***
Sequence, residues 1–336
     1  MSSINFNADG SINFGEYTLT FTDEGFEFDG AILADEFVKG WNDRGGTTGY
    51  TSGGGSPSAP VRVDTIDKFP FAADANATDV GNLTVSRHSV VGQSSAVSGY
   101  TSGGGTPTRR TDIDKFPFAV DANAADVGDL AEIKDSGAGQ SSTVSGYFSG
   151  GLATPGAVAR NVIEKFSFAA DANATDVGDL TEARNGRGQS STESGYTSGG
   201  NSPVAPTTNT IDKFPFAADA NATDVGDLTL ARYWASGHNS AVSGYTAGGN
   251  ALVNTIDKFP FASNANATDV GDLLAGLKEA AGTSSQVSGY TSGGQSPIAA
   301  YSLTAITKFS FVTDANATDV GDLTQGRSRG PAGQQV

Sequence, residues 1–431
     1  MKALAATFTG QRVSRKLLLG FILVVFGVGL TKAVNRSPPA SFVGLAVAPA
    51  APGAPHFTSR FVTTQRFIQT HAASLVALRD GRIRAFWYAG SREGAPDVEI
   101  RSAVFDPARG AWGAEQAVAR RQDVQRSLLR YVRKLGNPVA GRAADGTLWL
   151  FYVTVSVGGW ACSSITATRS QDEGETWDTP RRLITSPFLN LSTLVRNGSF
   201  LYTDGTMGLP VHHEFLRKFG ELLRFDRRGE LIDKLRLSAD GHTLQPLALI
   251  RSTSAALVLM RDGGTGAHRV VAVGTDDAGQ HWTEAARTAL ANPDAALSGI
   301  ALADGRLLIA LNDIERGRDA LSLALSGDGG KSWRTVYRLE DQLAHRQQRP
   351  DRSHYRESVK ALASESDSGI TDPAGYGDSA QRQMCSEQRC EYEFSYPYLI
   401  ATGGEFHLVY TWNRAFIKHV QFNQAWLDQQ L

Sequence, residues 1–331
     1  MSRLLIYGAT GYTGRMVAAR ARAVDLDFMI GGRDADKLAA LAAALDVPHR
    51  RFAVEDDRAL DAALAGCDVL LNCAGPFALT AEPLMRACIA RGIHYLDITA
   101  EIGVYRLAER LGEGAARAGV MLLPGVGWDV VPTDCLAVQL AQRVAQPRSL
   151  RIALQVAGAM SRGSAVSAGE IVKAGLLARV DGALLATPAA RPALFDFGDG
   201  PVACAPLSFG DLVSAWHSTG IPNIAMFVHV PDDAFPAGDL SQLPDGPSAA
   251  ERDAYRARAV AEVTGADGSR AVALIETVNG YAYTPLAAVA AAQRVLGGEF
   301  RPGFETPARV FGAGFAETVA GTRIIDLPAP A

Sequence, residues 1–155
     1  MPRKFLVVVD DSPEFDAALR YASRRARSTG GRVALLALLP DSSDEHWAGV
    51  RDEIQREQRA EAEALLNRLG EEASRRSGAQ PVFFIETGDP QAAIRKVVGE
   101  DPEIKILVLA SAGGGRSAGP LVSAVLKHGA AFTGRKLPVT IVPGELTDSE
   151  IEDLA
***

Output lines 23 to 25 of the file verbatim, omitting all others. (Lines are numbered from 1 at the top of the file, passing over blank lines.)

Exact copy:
   151  RIALQVAGAM SRGSAVSAGE IVKAGLLARV DGALLATPAA RPALFDFGDG
   201  PVACAPLSFG DLVSAWHSTG IPNIAMFVHV PDDAFPAGDL SQLPDGPSAA
   251  ERDAYRARAV AEVTGADGSR AVALIETVNG YAYTPLAAVA AAQRVLGGEF